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A Brief History of Ice Sculptures Around The World

January 18, 2018

Ice sculpting and the creative art of ice sculptures have a long history, yet its origins are not entirely clear. The use of ice and snow houses for shelter were thought to have been first used nearly 4000 years ago, although the earliest record of harvesting ice is found in the Shih Ching, or ‘Book of Songs,’ which was written around 600 BC.

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The first known incident of ice sculptures was in 17th Century China in the small fishing town of Harbin, Heilongjiang. Ice fishermen would freeze buckets of water, carving a deep hole in the center after removing the bucket. They would then place a candle in the hole that created a crude lantern, enabling fishermen to find prime fishing spots. This soon became popular and people began to hang decorated versions of these ice lanterns in their homes and paraded them in carnivals. Later, as Russia’s Trans-Siberian railroad reached Harbin in 1897, the town hosted its first ice and snow festival, which showcased ice sculptures from around the world. This continues to be one of the biggest ice festivals in the world, featuring striking creations by world-renowned artists.

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The first documented ice palace was created in Russia, around 1739, when Empress Anna Ivanovna ordered the construction of a stunning and intricate snow and ice castle in St. Petersburg. The palace was the location of a cruel jest exemplary of Anna’s malicious sense of humour. After Prince Mikhail married an Italian Catholic woman who died soon after the wedding, Anna felt that he deserved punishment. She selected her most unattractive maidservant, and forced the pair to marry, and parade in the streets atop an elephant while being followed by a number of farm animals and ‘circus freaks’. They were then stripped and locked away overnight in the heart of the ice palace under heavy guard.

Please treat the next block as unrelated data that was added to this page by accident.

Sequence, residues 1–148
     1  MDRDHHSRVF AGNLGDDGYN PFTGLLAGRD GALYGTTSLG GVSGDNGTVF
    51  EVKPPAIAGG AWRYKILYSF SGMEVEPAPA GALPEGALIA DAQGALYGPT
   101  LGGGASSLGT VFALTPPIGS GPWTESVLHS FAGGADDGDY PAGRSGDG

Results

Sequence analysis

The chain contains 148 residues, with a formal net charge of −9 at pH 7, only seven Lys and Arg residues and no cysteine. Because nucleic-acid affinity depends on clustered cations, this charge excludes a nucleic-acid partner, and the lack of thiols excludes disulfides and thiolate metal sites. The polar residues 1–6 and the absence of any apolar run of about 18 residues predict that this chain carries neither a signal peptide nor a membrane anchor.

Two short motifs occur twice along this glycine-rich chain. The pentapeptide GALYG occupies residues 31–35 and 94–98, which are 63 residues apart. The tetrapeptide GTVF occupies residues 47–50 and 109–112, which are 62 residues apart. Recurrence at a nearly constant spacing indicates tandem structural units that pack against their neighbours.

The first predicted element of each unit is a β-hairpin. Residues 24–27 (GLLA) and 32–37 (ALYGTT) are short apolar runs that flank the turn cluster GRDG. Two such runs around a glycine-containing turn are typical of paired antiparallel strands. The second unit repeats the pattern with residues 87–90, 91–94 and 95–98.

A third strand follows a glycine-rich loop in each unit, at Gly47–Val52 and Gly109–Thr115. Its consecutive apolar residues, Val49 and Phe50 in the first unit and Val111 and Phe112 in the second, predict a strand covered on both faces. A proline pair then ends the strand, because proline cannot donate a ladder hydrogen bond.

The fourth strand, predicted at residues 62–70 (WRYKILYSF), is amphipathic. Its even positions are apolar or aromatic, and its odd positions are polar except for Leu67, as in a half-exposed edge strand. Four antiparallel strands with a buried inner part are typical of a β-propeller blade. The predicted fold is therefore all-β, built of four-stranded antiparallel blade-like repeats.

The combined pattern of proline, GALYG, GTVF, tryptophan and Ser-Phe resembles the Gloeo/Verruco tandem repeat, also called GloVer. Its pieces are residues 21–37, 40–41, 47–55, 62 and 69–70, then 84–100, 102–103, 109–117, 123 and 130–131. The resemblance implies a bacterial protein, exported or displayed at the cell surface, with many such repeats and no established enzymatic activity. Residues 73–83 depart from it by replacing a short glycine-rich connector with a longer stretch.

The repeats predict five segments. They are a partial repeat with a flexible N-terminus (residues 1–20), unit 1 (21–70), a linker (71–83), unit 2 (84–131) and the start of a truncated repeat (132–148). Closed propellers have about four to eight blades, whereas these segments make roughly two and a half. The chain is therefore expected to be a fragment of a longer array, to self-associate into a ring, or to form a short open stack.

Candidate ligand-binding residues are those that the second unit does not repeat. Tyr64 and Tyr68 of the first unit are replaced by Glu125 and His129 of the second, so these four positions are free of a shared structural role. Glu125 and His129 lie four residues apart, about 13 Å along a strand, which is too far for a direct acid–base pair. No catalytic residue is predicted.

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Many ice palaces and ice sculptures have since been built, including replicas of Anna’s original palace in St. Petersburg. However, technology has changed the art form. This elegant, if fleeting, form of creativity has become a way for artisans to express themselves in detailed, decorative and practical ways. The perfect example being the Ice hotel in Sweden, complete with frozen furnishings, an ice bar, and warm reindeer pelt bedclothes. Ice sculptures are now frequently used for weddings and such events, with more and more people being exposed to this truly amazing art form.

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Each year, many snow sculpture festivals are held globally, including those created by the team at Ice Kingdom. With over twenty years of industry experience, Ice Kingdom arts – led by master carver David Xu Riu – are world renowned for their breathtaking skills with snow and ice. If you find yourself in Whistler this cold season, this is certainly an experience you cannot miss.